I grew up on a farm in Ohio with two brothers and no sisters. My wife, Candy, grew up near New York City with three sisters and no brothers. We started dating and quickly discovered cultural differences we needed to overcome.
I introduced Candy to my family’s fields of corn and soybeans, and I gave her a tour of our milking parlor and the chicken house. When we came to the hog barn, she held her nose and muttered, “Oooh, what’s that smell?” (My dad smiled and quipped, “Smells like money to me!”)
On the flipside, when I visited her family in New York, Candy introduced me to some new cultural sensations of my own. Busses spewed out noxious fumes and subway stations emitted an unpleasant stench. Holding my nose, I muttered sarcastically, “Oooh, what’s that smell?”
Here’s a little life lesson I have learned along the way: No matter where you live, something stinks.
And here’s a more important lesson: If you look for it, no matter where you live, you can find something that smells good, too.
Over time, Candy came to understand and enjoy the blessings of country life, like the fragrance of new-mown hay and the inviting aroma of my mom’s homemade blackberry pie cooling on the kitchen counter. And I learned to appreciate the delicious flavor of a New York bagel, and to savor the taste of pizza made by hand in a ristorante run for years by the same Italian family.
The Aroma of Christ
Have you ever learned to like something you never thought you would enjoy? I wonder: Were Isaiah’s readers surprised by the suggestion that it can be delightful to obey God? Isaiah insisted, “If you call the Sabbath a delight and the Lord’s holy day honorable, and if you honor it by not going your own way and not doing as you please or speaking idle words, then you will find your joy in the Lord” (Isaiah 58:13, 14).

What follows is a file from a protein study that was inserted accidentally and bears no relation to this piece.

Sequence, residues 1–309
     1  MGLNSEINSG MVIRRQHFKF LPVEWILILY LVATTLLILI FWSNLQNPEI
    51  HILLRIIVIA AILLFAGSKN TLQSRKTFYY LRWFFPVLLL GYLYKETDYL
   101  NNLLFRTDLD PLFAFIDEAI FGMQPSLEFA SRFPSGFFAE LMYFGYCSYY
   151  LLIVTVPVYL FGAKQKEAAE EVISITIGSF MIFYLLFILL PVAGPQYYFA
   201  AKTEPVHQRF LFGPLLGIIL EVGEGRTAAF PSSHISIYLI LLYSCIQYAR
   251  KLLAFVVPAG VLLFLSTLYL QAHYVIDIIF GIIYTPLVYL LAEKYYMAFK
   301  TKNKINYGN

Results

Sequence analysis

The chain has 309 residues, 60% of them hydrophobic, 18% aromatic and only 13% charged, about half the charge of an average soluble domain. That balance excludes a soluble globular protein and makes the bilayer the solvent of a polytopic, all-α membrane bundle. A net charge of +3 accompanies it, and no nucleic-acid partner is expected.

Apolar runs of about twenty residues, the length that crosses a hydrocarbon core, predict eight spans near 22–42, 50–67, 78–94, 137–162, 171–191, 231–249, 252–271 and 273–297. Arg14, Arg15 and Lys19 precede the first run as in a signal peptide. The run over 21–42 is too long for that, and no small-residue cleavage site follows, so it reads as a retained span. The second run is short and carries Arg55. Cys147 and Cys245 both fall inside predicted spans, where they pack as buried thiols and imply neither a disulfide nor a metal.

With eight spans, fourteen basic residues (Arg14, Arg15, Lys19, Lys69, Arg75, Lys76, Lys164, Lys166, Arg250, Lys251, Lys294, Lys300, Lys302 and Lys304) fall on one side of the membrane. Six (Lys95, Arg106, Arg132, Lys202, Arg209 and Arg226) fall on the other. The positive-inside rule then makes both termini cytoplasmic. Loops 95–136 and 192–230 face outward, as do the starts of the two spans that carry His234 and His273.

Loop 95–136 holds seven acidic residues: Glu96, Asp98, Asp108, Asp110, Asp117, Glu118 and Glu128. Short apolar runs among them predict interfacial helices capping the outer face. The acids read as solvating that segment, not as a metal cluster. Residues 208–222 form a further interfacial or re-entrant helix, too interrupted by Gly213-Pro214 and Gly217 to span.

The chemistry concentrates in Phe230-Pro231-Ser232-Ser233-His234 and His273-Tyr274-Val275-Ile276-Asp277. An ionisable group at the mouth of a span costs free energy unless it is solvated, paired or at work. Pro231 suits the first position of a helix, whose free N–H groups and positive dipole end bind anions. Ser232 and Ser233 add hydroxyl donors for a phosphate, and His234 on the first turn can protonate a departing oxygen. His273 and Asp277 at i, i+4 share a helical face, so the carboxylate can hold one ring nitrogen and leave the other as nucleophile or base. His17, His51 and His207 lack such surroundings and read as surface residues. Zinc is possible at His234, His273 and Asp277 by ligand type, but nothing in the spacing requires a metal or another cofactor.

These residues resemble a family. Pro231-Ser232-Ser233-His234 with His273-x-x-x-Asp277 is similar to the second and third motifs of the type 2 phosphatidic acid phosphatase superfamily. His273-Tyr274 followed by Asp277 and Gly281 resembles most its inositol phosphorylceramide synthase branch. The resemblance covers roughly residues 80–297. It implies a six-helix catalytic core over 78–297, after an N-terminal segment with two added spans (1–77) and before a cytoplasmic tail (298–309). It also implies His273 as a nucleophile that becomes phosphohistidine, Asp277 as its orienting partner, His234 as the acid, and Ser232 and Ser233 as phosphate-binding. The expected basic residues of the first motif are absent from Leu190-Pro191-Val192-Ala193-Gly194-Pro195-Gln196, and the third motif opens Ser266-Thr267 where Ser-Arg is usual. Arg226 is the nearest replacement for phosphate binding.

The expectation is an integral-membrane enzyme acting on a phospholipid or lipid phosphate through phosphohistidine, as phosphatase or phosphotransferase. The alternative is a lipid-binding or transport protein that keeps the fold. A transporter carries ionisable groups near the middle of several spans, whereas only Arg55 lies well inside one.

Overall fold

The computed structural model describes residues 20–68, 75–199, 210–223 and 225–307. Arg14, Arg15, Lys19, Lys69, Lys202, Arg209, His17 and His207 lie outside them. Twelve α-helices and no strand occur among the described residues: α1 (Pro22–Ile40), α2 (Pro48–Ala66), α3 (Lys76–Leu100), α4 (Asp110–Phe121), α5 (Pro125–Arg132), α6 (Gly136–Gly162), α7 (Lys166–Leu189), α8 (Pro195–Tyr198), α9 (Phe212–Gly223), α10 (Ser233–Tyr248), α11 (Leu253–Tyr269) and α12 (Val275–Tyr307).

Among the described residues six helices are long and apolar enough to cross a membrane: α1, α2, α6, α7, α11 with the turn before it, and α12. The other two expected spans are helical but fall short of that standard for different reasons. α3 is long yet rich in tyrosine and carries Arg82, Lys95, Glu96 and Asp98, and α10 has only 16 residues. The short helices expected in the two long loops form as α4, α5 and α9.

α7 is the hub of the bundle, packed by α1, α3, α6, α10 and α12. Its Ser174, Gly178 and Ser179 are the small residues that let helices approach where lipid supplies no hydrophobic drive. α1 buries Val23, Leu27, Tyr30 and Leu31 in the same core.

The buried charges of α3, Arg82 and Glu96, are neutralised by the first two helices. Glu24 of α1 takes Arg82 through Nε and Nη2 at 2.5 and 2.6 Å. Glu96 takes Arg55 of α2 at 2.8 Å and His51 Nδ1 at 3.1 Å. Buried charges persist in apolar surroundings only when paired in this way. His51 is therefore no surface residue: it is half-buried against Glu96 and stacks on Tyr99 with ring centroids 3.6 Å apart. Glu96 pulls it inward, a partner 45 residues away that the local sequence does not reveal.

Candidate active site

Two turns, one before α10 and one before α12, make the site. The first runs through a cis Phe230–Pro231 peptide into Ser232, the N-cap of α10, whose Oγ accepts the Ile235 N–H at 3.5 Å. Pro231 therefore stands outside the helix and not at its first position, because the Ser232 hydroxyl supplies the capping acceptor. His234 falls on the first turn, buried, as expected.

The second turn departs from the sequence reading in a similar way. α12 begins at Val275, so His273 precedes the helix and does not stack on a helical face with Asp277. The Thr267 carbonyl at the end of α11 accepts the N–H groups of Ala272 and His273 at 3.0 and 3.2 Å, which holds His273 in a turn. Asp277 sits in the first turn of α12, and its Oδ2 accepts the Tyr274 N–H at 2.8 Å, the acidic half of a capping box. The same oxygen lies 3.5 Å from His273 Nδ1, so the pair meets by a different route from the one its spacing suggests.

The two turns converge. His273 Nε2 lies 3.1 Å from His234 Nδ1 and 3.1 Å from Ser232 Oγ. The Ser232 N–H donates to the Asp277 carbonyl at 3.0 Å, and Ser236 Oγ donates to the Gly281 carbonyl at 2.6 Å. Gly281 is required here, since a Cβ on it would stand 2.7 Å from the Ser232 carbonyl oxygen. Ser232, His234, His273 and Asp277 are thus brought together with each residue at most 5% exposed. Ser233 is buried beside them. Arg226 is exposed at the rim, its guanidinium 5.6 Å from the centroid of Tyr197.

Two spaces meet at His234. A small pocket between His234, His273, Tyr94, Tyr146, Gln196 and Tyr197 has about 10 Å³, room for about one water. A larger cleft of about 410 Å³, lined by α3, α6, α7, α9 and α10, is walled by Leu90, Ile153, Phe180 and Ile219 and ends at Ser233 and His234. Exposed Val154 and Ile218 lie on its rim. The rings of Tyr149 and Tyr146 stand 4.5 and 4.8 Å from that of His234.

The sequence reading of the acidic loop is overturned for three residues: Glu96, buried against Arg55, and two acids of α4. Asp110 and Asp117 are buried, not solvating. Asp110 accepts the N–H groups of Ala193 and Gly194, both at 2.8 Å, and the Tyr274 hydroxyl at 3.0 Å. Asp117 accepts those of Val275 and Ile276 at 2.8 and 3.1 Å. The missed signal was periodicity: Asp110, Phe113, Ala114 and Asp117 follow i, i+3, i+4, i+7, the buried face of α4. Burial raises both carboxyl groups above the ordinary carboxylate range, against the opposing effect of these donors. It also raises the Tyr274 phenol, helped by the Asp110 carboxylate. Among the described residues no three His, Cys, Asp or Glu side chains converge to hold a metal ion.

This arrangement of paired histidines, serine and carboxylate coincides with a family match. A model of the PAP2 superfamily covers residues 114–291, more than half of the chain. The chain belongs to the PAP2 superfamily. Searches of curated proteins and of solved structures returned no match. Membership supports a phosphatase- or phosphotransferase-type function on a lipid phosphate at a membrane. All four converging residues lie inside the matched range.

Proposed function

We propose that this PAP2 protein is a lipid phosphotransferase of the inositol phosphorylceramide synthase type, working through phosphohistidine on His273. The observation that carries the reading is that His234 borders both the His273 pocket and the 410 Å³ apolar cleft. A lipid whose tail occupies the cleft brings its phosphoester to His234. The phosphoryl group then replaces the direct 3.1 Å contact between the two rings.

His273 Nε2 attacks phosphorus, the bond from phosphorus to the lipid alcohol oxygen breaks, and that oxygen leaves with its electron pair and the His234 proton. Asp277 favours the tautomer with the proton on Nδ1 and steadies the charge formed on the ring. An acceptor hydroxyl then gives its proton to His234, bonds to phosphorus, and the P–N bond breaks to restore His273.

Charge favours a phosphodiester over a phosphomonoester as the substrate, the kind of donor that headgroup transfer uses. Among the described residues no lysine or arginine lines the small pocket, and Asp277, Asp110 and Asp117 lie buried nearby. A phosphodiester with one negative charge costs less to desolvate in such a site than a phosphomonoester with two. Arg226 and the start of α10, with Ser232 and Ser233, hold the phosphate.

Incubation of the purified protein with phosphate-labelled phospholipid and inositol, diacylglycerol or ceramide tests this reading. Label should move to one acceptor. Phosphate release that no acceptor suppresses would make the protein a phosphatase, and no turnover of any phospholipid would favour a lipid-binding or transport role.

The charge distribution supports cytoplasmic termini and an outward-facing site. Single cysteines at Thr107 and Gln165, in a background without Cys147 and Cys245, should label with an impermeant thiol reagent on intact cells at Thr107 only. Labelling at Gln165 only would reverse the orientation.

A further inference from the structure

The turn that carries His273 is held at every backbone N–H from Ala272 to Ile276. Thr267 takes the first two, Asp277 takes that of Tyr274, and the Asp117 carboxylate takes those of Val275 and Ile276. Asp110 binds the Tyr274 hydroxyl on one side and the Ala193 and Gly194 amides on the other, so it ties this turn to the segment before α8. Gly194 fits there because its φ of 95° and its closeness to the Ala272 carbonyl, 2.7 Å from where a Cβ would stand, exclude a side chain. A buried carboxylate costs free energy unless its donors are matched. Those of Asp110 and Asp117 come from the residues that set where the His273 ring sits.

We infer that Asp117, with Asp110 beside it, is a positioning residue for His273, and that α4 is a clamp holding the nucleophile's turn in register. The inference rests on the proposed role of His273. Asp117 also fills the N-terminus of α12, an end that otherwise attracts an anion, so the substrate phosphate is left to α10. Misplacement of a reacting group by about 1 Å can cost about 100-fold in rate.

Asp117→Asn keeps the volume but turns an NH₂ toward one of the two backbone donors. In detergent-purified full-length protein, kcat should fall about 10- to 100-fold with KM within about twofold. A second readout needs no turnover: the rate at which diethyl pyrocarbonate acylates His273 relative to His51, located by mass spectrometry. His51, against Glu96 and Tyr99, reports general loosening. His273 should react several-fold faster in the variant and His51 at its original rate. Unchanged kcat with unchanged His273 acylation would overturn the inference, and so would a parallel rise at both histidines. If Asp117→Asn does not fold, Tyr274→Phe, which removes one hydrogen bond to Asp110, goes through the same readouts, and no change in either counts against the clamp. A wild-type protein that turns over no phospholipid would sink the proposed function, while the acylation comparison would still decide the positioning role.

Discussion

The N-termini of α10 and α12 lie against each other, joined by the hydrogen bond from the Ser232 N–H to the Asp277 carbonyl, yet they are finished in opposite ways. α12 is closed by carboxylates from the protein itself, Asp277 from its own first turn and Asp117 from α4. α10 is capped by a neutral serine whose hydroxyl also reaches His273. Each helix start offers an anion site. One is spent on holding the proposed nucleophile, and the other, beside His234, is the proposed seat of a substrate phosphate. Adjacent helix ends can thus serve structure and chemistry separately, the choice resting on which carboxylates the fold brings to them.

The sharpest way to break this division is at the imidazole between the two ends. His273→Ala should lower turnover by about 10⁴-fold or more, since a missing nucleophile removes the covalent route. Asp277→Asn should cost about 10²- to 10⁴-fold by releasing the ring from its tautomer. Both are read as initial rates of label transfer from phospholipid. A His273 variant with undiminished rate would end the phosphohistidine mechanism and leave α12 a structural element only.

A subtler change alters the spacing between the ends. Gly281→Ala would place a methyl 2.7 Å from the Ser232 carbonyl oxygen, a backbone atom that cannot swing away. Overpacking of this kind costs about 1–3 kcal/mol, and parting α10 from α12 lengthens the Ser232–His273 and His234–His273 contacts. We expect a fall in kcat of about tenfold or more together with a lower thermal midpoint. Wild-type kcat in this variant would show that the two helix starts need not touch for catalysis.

The Lord intended for the Sabbath to be a delight—a day to rest, worship, and recalibrate body and soul—but many of his people considered Sabbath laws a burden. Perhaps they reasoned, “Sabbath-keeping makes no financial sense. We’ll lose money if we stop working our fields and shut down our businesses one-seventh of the week.” And fasting felt extra burdensome. So instead of serving the Lord with cheerful hearts, the people became self-centered, mean-spirited, and malicious. In the process, they missed the joys of faithful obedience.
God’s “commands are not burdensome” (1 John 5:3). There are unexpected joys to be found in doing the right things for the right reasons. Reach out in kindness to someone you previously overlooked, and you might discover a new friend. Go to church even when you feel like staying away, and you might end up strangely refreshed. Open the Bible though you aren’t particularly in the mood to study, and in the process, you might unearth a scriptural gem.
God wants us “to spread the aroma of the knowledge of him everywhere” (2 Corinthians 2:14). Followers of Christ ought to be a breath of fresh air. When we serve God with cheerful hearts and pursue justice for others, we’ll experience some surprising delights, and a tense and divided world will catch a pleasant whiff of God’s amazing grace.
David Faust serves as the Associate Minister at East 91st Street Christian Church in Indianapolis, Indiana.
Lesson study ©2018, Christian Standard Media. Lesson based on The Lookout’s Scope and Sequence ©2018. Scripture quotations are from the New International Version, ©2011, unless otherwise indicated.
Comments: no replies